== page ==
The Department for Work and Pensions (DWP) is coming under pressure to stop hounding unwitting victims of a multimillion-pound universal credit fraud.
In November, the Guardian revealed how benefits staff were struggling to deal with calls from people whose stolen identities had been used to make fraudulent universal credit claims in their name.
We featured the case of a Hampshire woman who had known nothing of the claim she had supposedly made until the DWP’s debt collectors demanded she repay a £1,300 advance payment.
Further victims have come forward to say they, too, are facing demands for £1,400-plus and are being told that 20% of their December pay packet will be seized by the DWP, unless they agree to set up a repayment plan – all for a debt they do not owe.
Advance payments go to applicants who cannot wait the five to six weeks it takes for a claim to be processed, and are in the form of a loan that is later recouped from wages or benefits.
Stephen Timms, who chairs the DWP Commons select committee, said the DWP “should not be behaving this way” and called for each potential fraud to be properly investigated before the staff start “taking money from innocent people”.
In March, the DWP was forced to suspend face-to-face interviews for new universal credit applicants after the system became overwhelmed. While payments went out more quickly, fraudsters were able to take advantage of the change to make claims for advance payments using stolen IDs.
Last month the BBC reported that a junior civil servant working with high street banks had noticed in May that dozens of claims for universal credit had all been paid into the same bank account.
An investigation found that as many as 100,000 fraudulent claims may have been made, although it is unclear how many of those resulted in innocent people being chased for the money. Victims of the fraud may have ignored letters sent by the DWP, assuming that it was a scam.
Hertfordshire-based IT consultant Krishna Choudhary* has been told by debt collectors he owes the DWP £1,450.
“I am not eligible to claim universal credit and have never made a claim. I have literally spent hours on the phone trying to get this issue solved, all to no avail,” he said.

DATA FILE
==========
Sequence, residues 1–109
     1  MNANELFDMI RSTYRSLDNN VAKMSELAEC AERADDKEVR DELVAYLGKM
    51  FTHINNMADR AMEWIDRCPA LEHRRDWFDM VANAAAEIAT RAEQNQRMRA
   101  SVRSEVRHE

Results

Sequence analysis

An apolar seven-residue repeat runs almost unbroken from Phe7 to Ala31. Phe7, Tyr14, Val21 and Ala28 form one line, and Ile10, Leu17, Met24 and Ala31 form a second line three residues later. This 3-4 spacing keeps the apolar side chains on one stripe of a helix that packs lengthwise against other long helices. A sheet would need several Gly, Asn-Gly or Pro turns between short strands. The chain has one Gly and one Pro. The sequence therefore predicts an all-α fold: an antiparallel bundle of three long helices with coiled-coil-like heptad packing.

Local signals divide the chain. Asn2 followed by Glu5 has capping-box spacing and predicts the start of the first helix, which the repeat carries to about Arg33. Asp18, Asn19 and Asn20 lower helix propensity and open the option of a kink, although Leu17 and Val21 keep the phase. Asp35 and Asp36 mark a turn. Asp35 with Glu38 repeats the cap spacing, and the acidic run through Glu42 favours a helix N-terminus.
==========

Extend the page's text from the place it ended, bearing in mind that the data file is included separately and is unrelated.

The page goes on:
“Their customer service agents say they can’t do anything, as I don’t have an account with them. To prevent them taking 20% from out of my earnings I have been forced to set up a payment plan and pay them £25, just to buy some time. Why there are no systems in place to stop this is utterly beyond me. It’s been a nightmare.”
Another victim who only wanted to be known as Fiona, described a similar experience. On one day alone she called the DWP 11 times in an attempt to get the problem resolved.
She said: “If this is as widespread an issue as some of the people I have spoken to suggest, DWP needs to admit fault and put something in place to deal with the victims. I feel they’re treating me as guilty until their investigating team prove otherwise. None of their staff seem well briefed on what’s going on, I’ve had conflicting advice and not one shred of an apology, apart from the debt team, who seem to be having a really tough time of it.”
Timms said: “The DWP told us in the summer that it was introducing safeguards to prevent the victims of fraud being forced into repayments. While the department has not been forthcoming on the scale of the problem, the number of cases we’ve heard about clearly suggests that its processes are not working as they should be. The DWP should not be behaving in this way.”
A DWP spokesperson said a new process for those caught up in this fraud has been put in place.
“Any victim of fraud will not be held liable for any debt. Instead, we will seek to recover any losses from the perpetrator. Fraud and error in the benefits system remains very low, with 96.5% of benefits paid correctly. We have updated our guidance for call handlers contacted by someone who suspects they are the victim of fraud, to ensure they are supported appropriately.”
* Not his real name
If you suspect you are a victim of fraud please call the DWP’s debt management team on 0800 916 0651 or the UC helpline on 0800 328 5644